On the planned Axiom flight, one seat would be occupied by a company-trained astronaut who would serve as the flight commander. The other three seats will be for customers who are to spend 10 days in orbit floating inside the space station. The Axiom astronaut would also oversee the space tourists while they were on the station, making sure that they did not interfere with the six crew members.
Mr. Suffredini said that the space station, with as much interior room as a Boeing 747 jetliner, should have enough room for everyone.
He declined to talk about the cost, but in the past, Axiom has confirmed that a seat on the trip will cost $55 million, and it has already signed up one person.
From 2001 to 2009, seven nonprofessional astronauts bought trips to the space station aboard a Russian Soyuz rocket. In each of these trips, arranged by Space Adventures, the other two astronauts on the spacecraft were working professionals headed for a tour of duty in orbit. Last year, the United Arab Emirates bought a Soyuz seat to jump-start its space program by sending an astronaut, Hazzaa al-Mansoori, to the space station.
The Axiom mission could be the first orbital flight with people aboard without the direct involvement of a governmental space agency.
NASA has in recent years become more receptive to allowing companies to find new ways to make money on the space station. Last June, NASA set up a price list for various commercial activities, including charging companies like Axiom $35,000 a night for each tourist staying at the station for space to sleep and the use of its amenities like air, water, the internet and the toilet. The largest chunk of the $55 million ticket price is for the rocket ride, which Axiom will pay to SpaceX, not NASA.
“NASA has been very forward leaning, and we’re taking advantage of that,” Mr. Suffredini said.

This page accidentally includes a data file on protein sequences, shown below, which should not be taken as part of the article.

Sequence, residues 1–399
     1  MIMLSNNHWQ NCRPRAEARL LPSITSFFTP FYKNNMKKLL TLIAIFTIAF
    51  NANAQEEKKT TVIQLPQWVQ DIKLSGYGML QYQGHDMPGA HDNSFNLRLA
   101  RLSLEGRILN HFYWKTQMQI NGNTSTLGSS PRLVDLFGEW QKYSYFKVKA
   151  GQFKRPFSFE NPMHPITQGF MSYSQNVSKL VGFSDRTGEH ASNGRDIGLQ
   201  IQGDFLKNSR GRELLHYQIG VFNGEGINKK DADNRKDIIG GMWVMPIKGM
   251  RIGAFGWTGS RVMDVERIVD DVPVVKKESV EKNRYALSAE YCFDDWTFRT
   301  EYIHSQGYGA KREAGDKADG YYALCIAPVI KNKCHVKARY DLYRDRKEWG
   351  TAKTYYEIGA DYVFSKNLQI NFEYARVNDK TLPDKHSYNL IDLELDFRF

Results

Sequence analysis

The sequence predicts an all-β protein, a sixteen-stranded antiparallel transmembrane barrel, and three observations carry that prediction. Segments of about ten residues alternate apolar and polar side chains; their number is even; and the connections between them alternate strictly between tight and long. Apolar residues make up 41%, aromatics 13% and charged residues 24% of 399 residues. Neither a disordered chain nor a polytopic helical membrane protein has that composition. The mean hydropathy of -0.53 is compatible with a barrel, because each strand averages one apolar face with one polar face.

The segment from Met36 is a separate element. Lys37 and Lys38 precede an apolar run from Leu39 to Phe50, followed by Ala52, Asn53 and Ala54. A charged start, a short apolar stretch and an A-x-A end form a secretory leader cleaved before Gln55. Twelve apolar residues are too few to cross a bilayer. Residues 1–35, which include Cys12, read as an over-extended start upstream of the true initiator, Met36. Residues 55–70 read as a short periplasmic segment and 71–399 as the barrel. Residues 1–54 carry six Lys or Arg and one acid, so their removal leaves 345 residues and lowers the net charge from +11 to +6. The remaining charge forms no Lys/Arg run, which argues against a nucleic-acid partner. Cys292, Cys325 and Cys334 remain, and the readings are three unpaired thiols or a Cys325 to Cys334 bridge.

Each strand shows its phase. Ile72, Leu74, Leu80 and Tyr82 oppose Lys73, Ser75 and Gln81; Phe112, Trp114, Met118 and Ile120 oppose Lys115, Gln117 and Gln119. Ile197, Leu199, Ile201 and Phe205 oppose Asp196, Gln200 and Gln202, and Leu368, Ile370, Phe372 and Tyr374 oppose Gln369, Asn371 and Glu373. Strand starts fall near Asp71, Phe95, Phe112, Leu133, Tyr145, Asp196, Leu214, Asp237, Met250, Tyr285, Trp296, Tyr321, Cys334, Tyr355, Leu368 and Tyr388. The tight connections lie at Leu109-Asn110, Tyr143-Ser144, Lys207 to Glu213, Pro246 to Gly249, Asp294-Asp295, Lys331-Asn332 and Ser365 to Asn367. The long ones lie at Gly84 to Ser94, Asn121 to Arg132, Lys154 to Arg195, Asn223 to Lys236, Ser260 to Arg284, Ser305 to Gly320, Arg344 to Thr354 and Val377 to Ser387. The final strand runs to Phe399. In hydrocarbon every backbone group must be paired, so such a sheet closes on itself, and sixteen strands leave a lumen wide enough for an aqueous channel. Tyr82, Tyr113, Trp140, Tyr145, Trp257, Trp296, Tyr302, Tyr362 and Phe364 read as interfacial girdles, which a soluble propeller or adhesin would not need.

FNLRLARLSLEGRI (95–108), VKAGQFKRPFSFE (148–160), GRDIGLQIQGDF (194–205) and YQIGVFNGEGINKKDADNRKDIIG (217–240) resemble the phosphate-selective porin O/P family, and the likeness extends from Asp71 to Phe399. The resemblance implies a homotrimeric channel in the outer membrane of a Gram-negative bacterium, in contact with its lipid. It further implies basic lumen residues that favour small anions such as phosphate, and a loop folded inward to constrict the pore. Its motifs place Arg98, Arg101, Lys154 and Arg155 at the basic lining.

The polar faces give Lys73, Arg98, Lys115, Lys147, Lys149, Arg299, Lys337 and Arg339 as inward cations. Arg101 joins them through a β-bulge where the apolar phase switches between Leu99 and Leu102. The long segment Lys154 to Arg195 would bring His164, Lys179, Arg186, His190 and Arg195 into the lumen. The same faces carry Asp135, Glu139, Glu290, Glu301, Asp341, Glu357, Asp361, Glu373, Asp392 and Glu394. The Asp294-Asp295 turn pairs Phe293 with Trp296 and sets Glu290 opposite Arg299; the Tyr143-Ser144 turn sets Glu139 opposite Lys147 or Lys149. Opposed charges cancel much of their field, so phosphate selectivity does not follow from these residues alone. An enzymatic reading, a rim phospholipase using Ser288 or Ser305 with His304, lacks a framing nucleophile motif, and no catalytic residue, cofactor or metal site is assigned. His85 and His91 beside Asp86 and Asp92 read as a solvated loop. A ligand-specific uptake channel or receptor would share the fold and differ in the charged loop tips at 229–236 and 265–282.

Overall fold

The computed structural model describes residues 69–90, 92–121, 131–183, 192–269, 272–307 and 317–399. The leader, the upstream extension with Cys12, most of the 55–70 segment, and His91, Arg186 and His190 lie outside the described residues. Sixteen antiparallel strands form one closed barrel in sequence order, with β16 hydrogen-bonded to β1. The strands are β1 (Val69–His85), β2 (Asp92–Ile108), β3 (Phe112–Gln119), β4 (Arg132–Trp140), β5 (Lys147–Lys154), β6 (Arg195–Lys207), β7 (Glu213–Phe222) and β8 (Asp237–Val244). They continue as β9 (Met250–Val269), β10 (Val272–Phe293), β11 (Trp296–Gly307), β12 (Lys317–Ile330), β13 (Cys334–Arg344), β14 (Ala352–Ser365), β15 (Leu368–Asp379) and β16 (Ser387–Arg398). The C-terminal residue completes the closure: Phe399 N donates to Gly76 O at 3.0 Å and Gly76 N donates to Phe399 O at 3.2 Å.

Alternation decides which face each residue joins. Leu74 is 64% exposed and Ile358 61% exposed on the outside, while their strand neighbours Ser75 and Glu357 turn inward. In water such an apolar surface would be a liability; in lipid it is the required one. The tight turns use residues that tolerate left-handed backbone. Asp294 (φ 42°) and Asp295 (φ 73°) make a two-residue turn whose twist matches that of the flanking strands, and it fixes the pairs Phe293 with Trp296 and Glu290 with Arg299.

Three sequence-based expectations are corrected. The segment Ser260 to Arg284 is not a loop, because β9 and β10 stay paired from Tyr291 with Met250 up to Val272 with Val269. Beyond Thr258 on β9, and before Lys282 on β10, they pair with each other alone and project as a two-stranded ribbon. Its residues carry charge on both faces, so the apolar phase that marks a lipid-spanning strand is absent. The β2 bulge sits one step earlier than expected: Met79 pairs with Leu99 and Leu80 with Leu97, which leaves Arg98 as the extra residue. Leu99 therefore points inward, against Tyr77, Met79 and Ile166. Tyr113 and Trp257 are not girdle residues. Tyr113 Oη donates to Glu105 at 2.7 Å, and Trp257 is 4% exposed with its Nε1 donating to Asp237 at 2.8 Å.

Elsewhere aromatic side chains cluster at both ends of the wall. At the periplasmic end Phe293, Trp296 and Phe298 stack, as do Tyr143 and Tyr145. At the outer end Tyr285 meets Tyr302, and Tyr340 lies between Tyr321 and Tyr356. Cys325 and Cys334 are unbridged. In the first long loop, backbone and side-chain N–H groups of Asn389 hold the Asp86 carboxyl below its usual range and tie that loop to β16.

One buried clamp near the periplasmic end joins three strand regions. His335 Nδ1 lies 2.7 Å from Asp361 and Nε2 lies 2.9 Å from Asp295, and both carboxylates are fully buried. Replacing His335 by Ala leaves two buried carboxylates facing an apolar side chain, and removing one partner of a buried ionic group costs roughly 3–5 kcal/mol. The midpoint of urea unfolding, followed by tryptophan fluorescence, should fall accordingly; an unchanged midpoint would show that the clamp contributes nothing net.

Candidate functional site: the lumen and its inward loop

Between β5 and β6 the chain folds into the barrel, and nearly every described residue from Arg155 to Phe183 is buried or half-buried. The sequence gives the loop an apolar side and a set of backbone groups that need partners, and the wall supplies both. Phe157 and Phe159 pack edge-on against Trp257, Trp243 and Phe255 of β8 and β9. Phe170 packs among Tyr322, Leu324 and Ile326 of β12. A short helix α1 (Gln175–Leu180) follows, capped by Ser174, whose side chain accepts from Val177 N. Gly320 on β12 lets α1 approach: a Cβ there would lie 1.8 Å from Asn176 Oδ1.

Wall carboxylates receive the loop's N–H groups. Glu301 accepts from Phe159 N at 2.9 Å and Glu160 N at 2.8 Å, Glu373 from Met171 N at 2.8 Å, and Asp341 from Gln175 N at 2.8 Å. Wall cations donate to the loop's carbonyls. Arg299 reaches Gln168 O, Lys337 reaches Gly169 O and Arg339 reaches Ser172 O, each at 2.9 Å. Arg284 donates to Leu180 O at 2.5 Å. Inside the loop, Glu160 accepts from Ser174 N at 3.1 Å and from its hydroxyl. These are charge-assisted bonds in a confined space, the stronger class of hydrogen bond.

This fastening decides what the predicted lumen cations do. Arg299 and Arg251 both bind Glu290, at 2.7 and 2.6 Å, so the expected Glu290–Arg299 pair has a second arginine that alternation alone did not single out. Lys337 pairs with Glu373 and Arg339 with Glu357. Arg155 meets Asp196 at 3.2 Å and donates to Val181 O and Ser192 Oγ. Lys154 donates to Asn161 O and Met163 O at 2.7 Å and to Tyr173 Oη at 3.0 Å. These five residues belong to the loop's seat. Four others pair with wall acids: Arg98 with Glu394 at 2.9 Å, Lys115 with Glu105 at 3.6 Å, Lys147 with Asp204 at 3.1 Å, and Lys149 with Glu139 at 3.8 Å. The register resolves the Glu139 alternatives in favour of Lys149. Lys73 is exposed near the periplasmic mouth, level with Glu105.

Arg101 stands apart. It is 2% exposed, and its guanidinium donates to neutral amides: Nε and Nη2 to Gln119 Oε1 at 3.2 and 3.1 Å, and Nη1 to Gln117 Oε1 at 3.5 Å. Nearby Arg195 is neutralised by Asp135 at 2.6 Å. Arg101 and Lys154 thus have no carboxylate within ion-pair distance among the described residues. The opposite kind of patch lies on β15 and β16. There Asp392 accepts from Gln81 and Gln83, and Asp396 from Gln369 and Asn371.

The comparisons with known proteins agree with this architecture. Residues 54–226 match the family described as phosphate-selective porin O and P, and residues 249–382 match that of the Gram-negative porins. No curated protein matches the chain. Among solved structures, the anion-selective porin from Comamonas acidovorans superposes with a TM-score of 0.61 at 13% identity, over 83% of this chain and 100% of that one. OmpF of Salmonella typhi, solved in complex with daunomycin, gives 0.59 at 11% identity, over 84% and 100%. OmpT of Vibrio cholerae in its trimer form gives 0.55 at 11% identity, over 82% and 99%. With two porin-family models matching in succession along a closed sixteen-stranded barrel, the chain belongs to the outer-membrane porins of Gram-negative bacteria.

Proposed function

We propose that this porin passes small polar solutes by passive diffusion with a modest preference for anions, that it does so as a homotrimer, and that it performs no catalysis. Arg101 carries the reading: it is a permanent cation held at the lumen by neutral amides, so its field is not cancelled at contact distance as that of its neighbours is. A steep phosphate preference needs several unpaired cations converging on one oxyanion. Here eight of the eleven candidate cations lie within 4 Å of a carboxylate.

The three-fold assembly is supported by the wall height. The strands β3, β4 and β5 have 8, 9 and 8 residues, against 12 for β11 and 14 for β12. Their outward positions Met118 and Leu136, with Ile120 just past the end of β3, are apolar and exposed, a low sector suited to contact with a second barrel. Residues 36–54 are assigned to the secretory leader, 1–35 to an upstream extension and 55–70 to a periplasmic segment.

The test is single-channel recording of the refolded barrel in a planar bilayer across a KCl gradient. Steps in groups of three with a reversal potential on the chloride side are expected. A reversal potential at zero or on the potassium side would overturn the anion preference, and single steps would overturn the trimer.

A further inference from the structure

From 2005 to 2015, Mr. Suffredini worked at NASA as program manager for the International Space Station. A year after retiring, he was one of the founders of Axiom, which claims it can build and operate a private facility at a fraction of the $4 billion that NASA spends annually on the International Space Station.
But the first step in that plan is going to the I.S.S.
Axiom has been discussing with NASA the possibility of tourist flights for several years. Last month, NASA also selected Axiom to develop a module that would be attached to the I.S.S. in 2024 and used for commercial business activities. When the space station is eventually retired, the Axiom module would be detached and used as a building block for Axiom’s private space station.
If a trip to orbit seems like too much, two other companies, Blue Origin and Virgin Galactic, may be on track to carry their first customers on short-hop space tourism flights to the edge of space. Virgin earlier priced seats on its space plane at $250,000, but may now charge more. Blue Origin has not announced the cost of a trip aboard its reusable rocket and capsule, New Shepard.
“I think it’s an important inflection point,” said Mr. Anderson of Space Adventures. Space travel, even if affordable for only a few, is still marker of hope and what humans can and do accomplish, he said.
“I’m hopeful it will be something cool and positive in the world,” he said.
Source: New York Times